Inguinal and Pelvic Lymphadenectomy

  • Jameson L. Chassin

Abstract

Groin lymphadenectomy is comprised of two separate lymph node groups: inguinal and pelvic. The inguinal nodes are located in the femoral triangle, based on the inguinal ligament with its apex formed by the crossing of the adductor longus and the sartorius muscles. The pelvic component of the dissection includes the lymph nodes in a triangular area whose apex is formed by the bifurcation of the common iliac artery and whose base is essentially the fascia over the obturator foramen. If the inguinal lymphadenectomy specimen is negative for metastases from the primary malignant melanoma or epidermoid carcinoma of the skin of the extremities or lower trunk, performing the pelvic dissection is probably unnecessary because the incidence of positive nodes will then be less than 5% (Holmes et al.).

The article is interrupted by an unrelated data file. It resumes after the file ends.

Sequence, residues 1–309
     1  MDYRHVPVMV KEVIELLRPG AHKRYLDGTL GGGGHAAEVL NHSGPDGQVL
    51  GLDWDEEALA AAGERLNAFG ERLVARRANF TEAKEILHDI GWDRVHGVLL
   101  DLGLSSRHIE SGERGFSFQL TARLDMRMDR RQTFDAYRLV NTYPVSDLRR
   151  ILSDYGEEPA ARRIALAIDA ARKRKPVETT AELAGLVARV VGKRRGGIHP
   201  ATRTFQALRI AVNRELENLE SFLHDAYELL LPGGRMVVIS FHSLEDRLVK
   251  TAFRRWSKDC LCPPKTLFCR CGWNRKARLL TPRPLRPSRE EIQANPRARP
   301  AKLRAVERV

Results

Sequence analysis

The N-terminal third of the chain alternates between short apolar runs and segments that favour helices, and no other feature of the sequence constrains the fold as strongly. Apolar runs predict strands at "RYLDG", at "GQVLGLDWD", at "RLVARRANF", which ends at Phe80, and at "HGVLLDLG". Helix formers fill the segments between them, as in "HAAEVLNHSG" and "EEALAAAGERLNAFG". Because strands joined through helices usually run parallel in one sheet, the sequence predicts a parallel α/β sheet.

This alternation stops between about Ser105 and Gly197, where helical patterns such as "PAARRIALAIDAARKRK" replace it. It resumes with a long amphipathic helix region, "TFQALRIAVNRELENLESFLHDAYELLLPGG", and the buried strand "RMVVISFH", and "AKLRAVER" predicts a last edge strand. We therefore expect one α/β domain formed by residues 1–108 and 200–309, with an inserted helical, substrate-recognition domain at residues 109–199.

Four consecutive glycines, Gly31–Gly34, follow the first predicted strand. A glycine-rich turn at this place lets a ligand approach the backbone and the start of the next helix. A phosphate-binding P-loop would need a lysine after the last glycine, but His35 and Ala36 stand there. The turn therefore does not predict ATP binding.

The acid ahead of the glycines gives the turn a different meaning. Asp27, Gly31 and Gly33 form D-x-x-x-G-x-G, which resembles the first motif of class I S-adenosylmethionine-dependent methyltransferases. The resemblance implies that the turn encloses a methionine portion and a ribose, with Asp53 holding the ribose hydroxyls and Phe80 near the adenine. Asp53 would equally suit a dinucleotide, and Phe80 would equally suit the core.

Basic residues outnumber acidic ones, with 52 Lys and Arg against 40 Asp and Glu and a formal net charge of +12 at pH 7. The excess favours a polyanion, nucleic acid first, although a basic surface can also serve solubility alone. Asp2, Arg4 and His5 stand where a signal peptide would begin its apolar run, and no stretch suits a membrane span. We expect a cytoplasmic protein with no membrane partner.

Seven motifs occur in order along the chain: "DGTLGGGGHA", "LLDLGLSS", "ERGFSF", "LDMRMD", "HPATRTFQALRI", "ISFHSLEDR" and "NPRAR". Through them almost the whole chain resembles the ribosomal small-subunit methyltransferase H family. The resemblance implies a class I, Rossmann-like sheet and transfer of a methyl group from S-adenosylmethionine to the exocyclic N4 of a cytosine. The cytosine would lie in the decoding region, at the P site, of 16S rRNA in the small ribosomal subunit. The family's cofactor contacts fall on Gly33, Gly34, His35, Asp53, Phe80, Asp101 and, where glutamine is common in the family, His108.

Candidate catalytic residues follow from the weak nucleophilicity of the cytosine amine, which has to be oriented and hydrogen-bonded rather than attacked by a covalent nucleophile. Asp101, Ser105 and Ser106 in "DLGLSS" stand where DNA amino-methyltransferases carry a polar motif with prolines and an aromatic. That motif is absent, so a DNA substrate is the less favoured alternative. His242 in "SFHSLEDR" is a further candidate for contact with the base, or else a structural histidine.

Keywords

Skin Flap Inguinal Ligament Sartorius Muscle Obturator Foramen Internal Oblique Muscle 
These keywords were added by machine and not by the authors. This process is experimental and the keywords may be updated as the learning algorithm improves.

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Reference

  1. Holmes EC, Mosely S, Morton D et al. A rational approach to the surgical management of melanoma. Ann Surg 1977;186:481.PubMedCrossRefGoogle Scholar

Copyright information

© Springer Science+Business Media New York 1994

Authors and Affiliations

  • Jameson L. Chassin
    • 1
    • 2
  1. 1.Clinical SurgeryNew York University School of MedicineNew YorkUSA
  2. 2.Department of SurgeryNew York Hospital Medical Center of QueensFlushingUSA

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